We Christians are a foolish lot.
Think about it: in a busy, fast-paced world where there’s always something to be done, where we experience constant pressure, and where efficiency rules the day, we take time to gather with other people every Sunday. We sing, listen to a sermon, and go out of our way to spend time with people afterward for lunch or during the week.
In a world that preaches consumerism and teaches us that people are useful insofar as they benefit us, we pursue reconciliation with those who’ve wronged us. We love those we don’t particularly like—in fact, we endeavor to seek their good, even when it’s costly.
To the outside world, none of this makes sense. Why are we giving up our precious Sundays to spend two hours singing stuffy old songs and listening to some guy go on about a historical figure who died 2,000 years ago? Why would we make time for people we just met? Why would we remain friends with people who add no perceived value to our lives?
More than this, why do we continue to plant new churches in a world that wants nothing to do with Jesus? It just doesn’t make sense. It’s foolish.
Folly vs. Power
The world is right. Our message is foolish, if you don’t have the ears to hear it. Further, planting churches in a world that doesn’t want them seems foolish. But in reality, it’s an opportunity to see the power of God at work. “For the word of the cross is folly to those who are perishing, but to us who are being saved it is the power of God” (1 Cor. 1:18).
When planting a church, there will undoubtedly be people who want to see you fail. They will think what you are doing is foolish.
This work includes trials. When planting a church, there will undoubtedly be people who want to see you fail. Some will stand in direct opposition to the gospel. Folks will think what you are doing is foolish.
At our church here in Brooklyn, we’ve had neighbors slander us and our people, making claims that are not true, in the hopes of seeing us gone. We struggled to find a new home for our congregation because many places are fine with accepting our money, but not our message.
Additionally, we’ve tried to serve at homeless shelters and soup kitchens, only to be met with rejection when they find out what we believe. People have been willing to accept our mercy and justice, just not our reason for doing so.
Small, But Powerful
Preaching this foolish message in hard places will often mean slow growth. While church “success” is not measured in the number of people who gather on a Sunday, we do want as many as possible to hear the gospel.
In our context, we dream of seeing the gospel reign in Brooklyn as in heaven. As we approach our fifth birthday, we’re still a small church (a little less than 200 people). This can sometimes feel discouraging. And the world would want us to believe that our numbers suggest failure.
But a small church still shines gospel light. And a small, foolish-looking light has the power to pierce even the deepest darkness. God has used our foolish little church to do just that in our city. In our short life we’ve seen new believers baptized, marriages restored, the homeless clothed, the hungry fed, children given safe spaces to live, and so much more.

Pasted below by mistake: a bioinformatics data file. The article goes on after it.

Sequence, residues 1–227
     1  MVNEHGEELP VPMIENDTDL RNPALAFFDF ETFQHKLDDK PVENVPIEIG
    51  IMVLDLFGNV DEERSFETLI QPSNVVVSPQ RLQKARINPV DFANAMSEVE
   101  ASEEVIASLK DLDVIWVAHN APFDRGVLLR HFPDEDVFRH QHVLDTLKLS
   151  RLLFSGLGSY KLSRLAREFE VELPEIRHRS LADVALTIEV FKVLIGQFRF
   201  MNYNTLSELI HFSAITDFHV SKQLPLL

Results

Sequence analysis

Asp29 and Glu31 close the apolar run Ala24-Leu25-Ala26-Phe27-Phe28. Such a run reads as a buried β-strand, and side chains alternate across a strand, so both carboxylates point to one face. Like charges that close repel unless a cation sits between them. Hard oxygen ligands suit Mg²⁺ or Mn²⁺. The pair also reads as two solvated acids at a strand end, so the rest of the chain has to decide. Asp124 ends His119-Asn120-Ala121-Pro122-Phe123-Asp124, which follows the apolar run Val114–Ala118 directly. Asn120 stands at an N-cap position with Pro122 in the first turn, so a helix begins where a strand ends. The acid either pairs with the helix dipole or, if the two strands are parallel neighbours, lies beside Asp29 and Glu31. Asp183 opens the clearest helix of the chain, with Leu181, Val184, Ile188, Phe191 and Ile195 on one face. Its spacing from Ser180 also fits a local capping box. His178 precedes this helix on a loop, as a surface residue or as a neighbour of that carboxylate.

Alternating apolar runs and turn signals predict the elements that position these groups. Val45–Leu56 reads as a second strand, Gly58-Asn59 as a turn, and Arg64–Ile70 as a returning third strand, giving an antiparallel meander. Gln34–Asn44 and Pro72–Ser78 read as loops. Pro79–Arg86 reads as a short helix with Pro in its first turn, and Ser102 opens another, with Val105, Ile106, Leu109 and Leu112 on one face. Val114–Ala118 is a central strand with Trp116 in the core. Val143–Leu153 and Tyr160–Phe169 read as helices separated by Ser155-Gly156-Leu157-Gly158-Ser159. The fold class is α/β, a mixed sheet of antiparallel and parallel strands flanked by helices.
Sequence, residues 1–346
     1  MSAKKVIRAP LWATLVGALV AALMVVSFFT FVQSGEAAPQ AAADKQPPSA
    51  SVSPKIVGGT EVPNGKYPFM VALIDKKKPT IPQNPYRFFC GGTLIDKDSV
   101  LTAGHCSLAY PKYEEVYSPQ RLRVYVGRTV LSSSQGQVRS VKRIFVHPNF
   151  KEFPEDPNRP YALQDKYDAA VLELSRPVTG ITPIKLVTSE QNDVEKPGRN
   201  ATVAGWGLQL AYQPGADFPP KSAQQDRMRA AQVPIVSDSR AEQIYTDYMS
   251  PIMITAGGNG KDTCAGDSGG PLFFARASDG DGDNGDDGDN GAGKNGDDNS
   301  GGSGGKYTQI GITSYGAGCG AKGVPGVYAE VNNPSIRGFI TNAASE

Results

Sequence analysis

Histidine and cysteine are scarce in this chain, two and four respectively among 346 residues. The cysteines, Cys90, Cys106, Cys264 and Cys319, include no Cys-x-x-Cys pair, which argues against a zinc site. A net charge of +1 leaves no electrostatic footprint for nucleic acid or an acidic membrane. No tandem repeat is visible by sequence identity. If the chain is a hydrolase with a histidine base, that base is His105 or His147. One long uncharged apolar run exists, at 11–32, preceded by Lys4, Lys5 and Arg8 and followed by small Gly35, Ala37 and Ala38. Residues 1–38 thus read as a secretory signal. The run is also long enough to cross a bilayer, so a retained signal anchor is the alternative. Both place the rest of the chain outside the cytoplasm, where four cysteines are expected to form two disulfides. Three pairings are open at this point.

A small church still shines gospel light. And a small, foolish-looking light has the power to pierce even the deepest darkness.
Praise God that he uses the foolish to shame the wise, and the weak to shame the strong (1 Cor. 1:27).
When you are met with opposition, when it seems as though you can’t catch a fair break, don’t quit. Dig your heels into the truth, as gospel power enables you to stand firm. As you do this, you display something the world doesn’t understand.
The world longs to be in community, to be fully known and fully loved. They look at us and they see that love. They see the way we contend for one another and strive with one another, flaws and all.
In a world that preaches a gospel of “be true to yourself,” the church is full of those who die to themselves. May that be our gospel witness. May the world see us and see our love for one another, and thereby know whose we are (John 13:35).
In a world that preaches a gospel of ‘be true to yourself,’ the church is full of those who die to themselves.
The world offers us all sorts of clubs and organizations to bring people together. To find an example, you needn’t look further than any gym across the country. There, you’ll find people forming a team to compete on the basketball court.
For the duration of the game, the team is a unit, working together, striving toward one common goal. But when the pickup game ends, we go our separate ways. That little orange ball might bring people together for a short game, but it isn’t enough to sustain them through disagreements, or pain, or the suffering that life brings.
A community formed by the folly of the cross, however, is anything but temporary and conditional. The church is built on the unconditional love of God in the gospel. And that makes the community of the church, and therefore church planting, unstoppable.
No matter how much opposition we face in church planting, the message of Christ coming to save sinners cannot be silenced. Nero thought he could do it to the Roman Christians, and oppressive governments are trying it now throughout the world. But gospel seeds sown in the midst of persecution can yield abundant harvests.
The church is made up of a long, rich, beautiful history of foolish people walking in the power of God to change this world. As we plant churches, we have the privilege of extending this history until Christ returns.
Let the world call us foolish. Let them oppose our churches. We know who is King, and one day, they will too.